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Subsidizing DemocracyHow Public Funding Changes Elections and How It Can Work in the Future$
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Michael G. Miller

Print publication date: 2013

Print ISBN-13: 9780801452277

Published to Cornell Scholarship Online: August 2016

DOI: 10.7591/cornell/9780801452277.001.0001

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Reform in the Future

(p.142) Conclusion
Subsidizing Democracy

Michael G. Miller

Cornell University Press

This concluding chapter considers the future of public funding in American elections, arguing that there is little reason to believe that public funding will cease to exist any time soon. Nevertheless, the chapter examines four realities that public funding advocates must confront. First, the fiscal difficulties that many states and municipalities faced in the “Great Recession” meant that some public funding programs were placed on the fiscal chopping block. Second, the direct partial programs of the 1980s and 1990s are not likely to expand elsewhere. Third, while the Court has not banned the provision of direct subsidies to candidates, its decisions in Davis and McComish have created some additional rules for the game. And finally, recent federal court decisions beyond McComish have dramatically altered the regulatory landscape altogether.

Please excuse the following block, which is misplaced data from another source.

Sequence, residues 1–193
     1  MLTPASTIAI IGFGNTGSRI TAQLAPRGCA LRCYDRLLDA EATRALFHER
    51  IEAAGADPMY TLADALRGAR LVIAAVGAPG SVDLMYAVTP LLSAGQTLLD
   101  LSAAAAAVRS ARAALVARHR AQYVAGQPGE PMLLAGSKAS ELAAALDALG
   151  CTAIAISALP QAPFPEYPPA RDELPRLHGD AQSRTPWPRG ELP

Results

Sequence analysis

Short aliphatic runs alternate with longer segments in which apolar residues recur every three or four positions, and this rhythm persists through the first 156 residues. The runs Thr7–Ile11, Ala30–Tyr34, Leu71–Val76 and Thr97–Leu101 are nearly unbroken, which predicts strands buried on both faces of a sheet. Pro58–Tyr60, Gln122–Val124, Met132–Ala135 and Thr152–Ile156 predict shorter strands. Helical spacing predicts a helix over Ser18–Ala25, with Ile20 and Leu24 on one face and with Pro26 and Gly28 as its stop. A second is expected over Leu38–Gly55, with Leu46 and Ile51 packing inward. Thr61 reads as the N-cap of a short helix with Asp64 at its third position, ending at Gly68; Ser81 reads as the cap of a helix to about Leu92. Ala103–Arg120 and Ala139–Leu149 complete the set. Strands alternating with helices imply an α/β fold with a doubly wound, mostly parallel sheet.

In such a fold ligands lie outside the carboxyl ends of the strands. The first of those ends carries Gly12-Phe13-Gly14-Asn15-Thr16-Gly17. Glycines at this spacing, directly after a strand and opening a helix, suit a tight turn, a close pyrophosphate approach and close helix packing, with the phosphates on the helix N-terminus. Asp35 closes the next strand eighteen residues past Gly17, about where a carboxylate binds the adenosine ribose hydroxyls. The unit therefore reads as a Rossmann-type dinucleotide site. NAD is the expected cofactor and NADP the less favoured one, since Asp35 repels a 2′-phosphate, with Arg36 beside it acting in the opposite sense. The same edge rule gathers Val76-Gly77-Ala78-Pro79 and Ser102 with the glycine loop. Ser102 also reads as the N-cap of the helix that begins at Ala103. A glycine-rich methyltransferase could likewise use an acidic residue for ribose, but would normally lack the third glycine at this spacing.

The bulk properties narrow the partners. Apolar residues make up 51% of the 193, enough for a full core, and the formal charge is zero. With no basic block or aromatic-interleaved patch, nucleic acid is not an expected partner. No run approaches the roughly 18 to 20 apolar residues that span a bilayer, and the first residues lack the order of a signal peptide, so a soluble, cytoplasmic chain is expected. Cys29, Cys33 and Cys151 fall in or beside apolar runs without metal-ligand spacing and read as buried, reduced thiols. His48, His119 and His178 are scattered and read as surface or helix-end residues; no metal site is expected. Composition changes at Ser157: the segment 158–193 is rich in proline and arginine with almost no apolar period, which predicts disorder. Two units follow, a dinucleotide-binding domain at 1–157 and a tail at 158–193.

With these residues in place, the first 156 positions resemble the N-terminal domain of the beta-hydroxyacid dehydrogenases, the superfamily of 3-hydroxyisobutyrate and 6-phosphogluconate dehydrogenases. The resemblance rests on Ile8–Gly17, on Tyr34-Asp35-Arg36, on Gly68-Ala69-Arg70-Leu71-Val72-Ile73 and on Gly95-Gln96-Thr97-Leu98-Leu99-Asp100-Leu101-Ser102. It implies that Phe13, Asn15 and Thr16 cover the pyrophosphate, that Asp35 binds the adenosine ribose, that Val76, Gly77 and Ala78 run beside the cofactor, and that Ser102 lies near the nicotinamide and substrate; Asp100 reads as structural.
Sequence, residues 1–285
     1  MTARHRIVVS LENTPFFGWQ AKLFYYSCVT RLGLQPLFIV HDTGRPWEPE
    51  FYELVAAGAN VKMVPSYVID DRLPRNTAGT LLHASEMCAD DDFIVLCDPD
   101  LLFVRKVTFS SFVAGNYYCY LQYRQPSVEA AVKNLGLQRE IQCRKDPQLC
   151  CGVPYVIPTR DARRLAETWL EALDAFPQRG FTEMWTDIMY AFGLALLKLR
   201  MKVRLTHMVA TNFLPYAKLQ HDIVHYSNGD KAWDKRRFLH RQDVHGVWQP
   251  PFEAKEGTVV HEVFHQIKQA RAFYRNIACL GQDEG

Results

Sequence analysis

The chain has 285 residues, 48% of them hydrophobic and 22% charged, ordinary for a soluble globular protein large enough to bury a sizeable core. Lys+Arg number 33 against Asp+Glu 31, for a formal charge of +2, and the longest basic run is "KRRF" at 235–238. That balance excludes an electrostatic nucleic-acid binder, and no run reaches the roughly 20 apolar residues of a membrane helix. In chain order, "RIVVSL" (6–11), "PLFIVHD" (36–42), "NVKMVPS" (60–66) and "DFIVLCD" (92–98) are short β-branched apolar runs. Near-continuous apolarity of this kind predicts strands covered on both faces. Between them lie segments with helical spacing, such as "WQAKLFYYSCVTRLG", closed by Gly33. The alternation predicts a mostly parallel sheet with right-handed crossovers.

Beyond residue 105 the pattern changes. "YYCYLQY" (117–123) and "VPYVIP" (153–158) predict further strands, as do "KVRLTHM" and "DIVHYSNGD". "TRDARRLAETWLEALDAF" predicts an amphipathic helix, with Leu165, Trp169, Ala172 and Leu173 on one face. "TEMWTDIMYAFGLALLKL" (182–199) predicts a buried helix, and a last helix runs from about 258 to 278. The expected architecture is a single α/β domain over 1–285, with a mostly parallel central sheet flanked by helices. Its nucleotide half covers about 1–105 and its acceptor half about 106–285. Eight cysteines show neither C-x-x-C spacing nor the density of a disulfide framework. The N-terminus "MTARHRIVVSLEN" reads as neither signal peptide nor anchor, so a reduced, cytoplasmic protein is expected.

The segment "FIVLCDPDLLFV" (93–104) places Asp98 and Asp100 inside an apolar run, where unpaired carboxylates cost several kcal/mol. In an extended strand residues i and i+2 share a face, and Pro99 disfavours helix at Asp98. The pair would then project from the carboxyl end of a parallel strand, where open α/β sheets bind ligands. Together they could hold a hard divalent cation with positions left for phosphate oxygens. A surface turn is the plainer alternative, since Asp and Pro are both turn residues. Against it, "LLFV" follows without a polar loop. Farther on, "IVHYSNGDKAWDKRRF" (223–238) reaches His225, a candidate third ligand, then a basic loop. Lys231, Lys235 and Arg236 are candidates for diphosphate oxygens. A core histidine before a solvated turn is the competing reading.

Keywords:   public funding, Supreme Court, fiscal difficulties, federal court decisions, public funding advocates, public funding regulations

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